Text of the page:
Report urges U.S. to prod economy

February 15, 1994|By New York Times News Service

WASHINGTON -- President Clinton's economists want the government to do more to tweak the economy, addressing areas like health care and technological research where they think the free market has failed.

They put forward their most comprehensive version of this view yesterday, releasing their first Economic Report to Congress, an annual book-length document mandated by Congress since 1946.

While recent reports by Republican administrations have broadly criticized the government, contending it played too great a role in the economy, the new document calls for a lower threshold for government intervention.

Instead of the typical Republican chapter bemoaning the price of government regulation, the Democratic economists have a chapter entitled "Microeconomic initiatives to promote efficiency and productivity."

They would have the administration spend money on manufacturing research, fight monopolies and force companies to pay for their pollution.

"I think there is something different about the whole tone of this," said Laura D'Andrea Tyson, the chairwoman of the Council of Economic Advisers and the report's main author.

"There is a lot here implicitly about the role for the government to do something that would be beneficial to the future performers of the economy, not harmful," she said.

Some Republicans say they are disappointed. "That was my special baby -- we had a special section on regulatory," said Murray L. Weidenbaum, who was President Reagan's first chairman of the Council of Economic Advisers and is now an economics professor at Washington University in St. Louis.

Republican versions of the report called for two tests to be met before governmental action is justified: first, markets have failed to produce optimal results, and second, government action must be better than private action.

Yesterday's report tends to include the first test but says less about the second. The report is optimistic that intervention can work once market failures are identified.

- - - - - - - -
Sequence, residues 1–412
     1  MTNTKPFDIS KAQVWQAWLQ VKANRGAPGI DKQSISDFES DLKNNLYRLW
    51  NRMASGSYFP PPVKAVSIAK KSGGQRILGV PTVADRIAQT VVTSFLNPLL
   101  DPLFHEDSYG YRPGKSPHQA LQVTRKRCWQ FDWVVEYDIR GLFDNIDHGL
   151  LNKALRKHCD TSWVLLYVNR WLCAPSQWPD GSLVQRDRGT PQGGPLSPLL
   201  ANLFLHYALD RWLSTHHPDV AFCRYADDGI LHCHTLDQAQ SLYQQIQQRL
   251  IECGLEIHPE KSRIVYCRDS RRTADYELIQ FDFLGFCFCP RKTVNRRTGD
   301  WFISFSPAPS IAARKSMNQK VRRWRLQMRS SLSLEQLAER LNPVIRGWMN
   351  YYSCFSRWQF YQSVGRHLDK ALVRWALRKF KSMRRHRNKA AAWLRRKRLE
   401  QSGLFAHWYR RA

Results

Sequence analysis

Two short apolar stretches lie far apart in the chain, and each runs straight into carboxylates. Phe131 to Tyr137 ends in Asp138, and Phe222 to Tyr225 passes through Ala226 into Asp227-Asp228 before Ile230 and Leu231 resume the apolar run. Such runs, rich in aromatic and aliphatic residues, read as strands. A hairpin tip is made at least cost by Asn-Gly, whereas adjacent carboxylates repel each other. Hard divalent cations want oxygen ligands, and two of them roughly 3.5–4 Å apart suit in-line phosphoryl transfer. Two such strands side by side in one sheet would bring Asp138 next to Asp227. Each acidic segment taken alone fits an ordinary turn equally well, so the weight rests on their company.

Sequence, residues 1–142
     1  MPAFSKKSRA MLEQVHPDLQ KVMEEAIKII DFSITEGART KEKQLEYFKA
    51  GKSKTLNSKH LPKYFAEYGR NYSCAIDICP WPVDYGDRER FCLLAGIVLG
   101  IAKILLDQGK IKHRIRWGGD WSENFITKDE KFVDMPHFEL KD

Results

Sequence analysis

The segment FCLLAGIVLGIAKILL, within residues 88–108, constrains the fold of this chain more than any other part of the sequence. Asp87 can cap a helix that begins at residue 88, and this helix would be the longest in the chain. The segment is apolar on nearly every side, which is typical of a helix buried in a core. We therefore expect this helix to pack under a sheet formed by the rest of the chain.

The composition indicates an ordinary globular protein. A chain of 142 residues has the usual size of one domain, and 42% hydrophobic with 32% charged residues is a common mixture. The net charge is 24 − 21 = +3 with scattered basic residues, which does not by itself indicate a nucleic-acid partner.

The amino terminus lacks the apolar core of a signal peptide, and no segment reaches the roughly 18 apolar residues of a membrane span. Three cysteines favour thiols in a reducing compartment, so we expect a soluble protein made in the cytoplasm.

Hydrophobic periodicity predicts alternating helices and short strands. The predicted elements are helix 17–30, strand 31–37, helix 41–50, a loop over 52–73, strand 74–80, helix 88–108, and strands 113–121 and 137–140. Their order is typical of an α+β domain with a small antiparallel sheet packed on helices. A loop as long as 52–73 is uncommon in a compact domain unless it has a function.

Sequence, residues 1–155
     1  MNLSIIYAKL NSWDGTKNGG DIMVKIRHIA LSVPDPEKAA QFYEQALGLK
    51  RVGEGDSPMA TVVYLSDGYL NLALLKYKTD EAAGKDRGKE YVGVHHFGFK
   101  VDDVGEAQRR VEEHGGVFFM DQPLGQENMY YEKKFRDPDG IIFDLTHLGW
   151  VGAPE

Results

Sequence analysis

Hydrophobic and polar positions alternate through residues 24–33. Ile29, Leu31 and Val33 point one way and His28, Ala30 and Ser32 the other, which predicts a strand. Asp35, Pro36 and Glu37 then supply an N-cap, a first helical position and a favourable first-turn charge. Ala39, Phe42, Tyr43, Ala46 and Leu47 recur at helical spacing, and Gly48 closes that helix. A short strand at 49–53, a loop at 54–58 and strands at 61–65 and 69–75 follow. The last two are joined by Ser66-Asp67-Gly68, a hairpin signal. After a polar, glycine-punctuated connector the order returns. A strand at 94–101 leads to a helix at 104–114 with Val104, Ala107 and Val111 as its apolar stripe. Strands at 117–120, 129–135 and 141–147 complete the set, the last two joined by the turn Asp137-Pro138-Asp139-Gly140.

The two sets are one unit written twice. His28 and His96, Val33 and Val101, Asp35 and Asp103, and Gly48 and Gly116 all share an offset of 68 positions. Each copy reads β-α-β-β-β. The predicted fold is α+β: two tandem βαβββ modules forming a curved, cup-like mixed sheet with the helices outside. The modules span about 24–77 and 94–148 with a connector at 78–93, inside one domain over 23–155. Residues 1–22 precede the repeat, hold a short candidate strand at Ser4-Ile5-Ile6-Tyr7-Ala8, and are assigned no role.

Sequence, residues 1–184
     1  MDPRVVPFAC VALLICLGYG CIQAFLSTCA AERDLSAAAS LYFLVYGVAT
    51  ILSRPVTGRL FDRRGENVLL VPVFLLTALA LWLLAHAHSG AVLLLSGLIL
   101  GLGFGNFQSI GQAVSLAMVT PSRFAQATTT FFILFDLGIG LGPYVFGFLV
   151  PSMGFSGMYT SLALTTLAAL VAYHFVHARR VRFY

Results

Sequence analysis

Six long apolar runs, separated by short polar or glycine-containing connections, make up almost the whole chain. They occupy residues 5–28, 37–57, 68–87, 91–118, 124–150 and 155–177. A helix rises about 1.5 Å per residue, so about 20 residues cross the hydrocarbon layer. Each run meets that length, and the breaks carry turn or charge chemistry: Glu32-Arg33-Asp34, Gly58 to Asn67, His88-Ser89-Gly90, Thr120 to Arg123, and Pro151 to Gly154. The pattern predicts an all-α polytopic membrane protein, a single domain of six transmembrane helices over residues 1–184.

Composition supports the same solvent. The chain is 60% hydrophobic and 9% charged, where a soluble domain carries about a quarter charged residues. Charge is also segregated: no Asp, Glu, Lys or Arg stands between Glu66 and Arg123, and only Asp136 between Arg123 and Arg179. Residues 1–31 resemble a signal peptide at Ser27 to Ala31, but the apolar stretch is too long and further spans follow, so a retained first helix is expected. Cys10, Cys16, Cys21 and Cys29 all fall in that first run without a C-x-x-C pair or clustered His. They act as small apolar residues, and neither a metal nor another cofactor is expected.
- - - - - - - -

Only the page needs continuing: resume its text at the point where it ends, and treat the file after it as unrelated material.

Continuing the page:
For example, both last year's economic report, released a week before President Bush left office, and this year's document identify a problem in health care insurance: Sick people tend to buy the most comprehensive health plans, while healthy people tend to buy more modest plans or forego insurance.

This problem of adverse selection means that comprehensive insurance may be difficult to obtain, because insurance companies are afraid it will be used heavily.

The last Bush administration report called for modest steps to tackle this issue. The Clinton report is stronger in calling for government intervention, saying: "By compelling all insurers to cover pre-existing conditions and by eliminating limitations on lifetime payments, the government could reduce the adverse selection problem in private insurance markets and thereby improve how they function."

But this year's report is also much more cautious than some liberal Democratic prescriptions for broader government involvement.

Republican critics contend that the administration has already adopted these liberal solutions, saying the administration's plans for extra research spending amount to an industrial policy.

This report studiously avoids any such stand. "I think industrial policy has a particular meaning, which I don't think is very characteristic of what we are doing," Ms. Tyson said.

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